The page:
Owning your opponent
If you missed Pt. 1, Read it HERE!
Stars have a knack for making great plays/decisions in seemingly impossible situations. Highlight real performances often lead fans and critics to chalk success up to “natural talent” or “God-given ability”. Although there might be a case to be made that some of the best are genetically inclined, and have a leg up on the competition, but there are often underlying themes behind each of these performances.
First, is doing the little things right. My football team used to have a motto, “Control the things you can control.” Successful people understand this and they pay attention to the details that others overlook. They keep their mind in the moment, and do not look past any opponent or situation. They do not waste time with things that are going to keep them from reaching their goals. This often means making sacrifices. However, to a star, their love and respect for their dreams puts that sacrifice into perspective so that it is no longer a sacrifice, but a necessary step along the right path. Preparation also ties in here nicely. The most successful people are masters of preparation.
Second, successful people are respectful. Stars respect themselves, they respect others around them, and they respect their competition. Now I don’t mean you have to like everyone and be nice all the time. In fact, some of the most successful people are at times blatantly ruthless. They act this way because they have the courage to protect themselves and their dreams. Stars do whatever it takes to achieve success. If you want to be a leader you’re going to be expected to deal with tough situations, and you better have the stomach to stand up for your teammates, your company, or your family and friends when the circumstance arises.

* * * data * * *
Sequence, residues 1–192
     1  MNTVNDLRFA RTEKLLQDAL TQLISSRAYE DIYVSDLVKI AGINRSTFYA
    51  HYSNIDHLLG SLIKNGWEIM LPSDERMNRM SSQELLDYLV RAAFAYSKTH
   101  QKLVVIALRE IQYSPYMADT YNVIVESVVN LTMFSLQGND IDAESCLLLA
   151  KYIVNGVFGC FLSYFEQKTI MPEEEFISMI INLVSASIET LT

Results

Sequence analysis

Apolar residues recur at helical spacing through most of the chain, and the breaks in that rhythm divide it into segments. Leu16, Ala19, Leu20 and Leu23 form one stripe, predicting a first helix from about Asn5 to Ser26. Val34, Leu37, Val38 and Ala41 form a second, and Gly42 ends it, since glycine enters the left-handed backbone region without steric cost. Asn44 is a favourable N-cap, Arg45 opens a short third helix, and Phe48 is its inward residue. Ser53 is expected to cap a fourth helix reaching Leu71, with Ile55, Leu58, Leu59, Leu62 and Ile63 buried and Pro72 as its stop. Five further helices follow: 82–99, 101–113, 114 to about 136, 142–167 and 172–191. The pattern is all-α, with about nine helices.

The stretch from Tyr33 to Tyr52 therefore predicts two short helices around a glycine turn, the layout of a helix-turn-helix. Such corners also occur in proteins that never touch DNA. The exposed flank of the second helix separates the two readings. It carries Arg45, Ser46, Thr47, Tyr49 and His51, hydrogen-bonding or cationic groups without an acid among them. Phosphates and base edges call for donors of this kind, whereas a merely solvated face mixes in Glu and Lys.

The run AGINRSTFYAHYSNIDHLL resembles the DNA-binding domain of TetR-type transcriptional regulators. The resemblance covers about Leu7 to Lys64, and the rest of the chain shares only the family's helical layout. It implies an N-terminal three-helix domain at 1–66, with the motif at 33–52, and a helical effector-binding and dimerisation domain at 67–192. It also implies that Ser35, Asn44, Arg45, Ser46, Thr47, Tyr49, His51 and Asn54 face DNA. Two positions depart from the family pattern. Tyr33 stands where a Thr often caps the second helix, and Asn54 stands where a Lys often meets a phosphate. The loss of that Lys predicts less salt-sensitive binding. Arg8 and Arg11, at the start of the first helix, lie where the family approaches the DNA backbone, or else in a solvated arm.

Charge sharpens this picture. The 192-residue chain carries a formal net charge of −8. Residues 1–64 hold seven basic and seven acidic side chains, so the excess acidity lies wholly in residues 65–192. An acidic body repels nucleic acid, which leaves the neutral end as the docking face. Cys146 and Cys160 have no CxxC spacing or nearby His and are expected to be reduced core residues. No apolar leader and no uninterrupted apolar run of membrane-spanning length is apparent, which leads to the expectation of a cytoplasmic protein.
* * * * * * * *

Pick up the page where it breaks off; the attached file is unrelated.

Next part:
Finally, in part 1, we talked about confidence. Stars portray confidence on the field; a true star can ease the tension of his/her teammates, and at the same time, stir up the nerves of players on the opposing team. This is achieved through a confident aura a star attains by doing all of the other steps mentioned. Confidence is earned through preparation, hard work, respect, patients, and most of all knowing yourself and defining your dreams. The neat thing I’ve found about confidence is that it is a chronic condition. Once you have it in one area of your life it seems you can surround yourself with it whenever you need to, even if you’re trying something for the first time!
To end this post, I had the opportunity to catch up with 2010 NFL draft pick Eric Decker. This up and coming WR certainly knows what it takes to play at an elite level. I asked him some questions pertaining to his star qualities, and here is what he had to say,
31 Fitness: I’ve heard you are a great student of the game. What drives you to go the extra mile, and put in the time to focus on the little elements that others might ignore?
ED: What drives me to go the extra mile comes from the values instilled in me as a child and the fear of being underprepared. My parents taught me from a young age that if I am going to do something, I might as well put forth my best effort so there is no room for 'what if'. The fear of being underprepared started to make more sense in college. Sports became more than just playing the game, it involved studying your opponent and executing the play calls throughout the week of practice. At a highly competitive level, if you did not feel comfortable going into a game, you already were beat. That's why I made sure I did everything possible to feel confident and completely prepared for each week's game.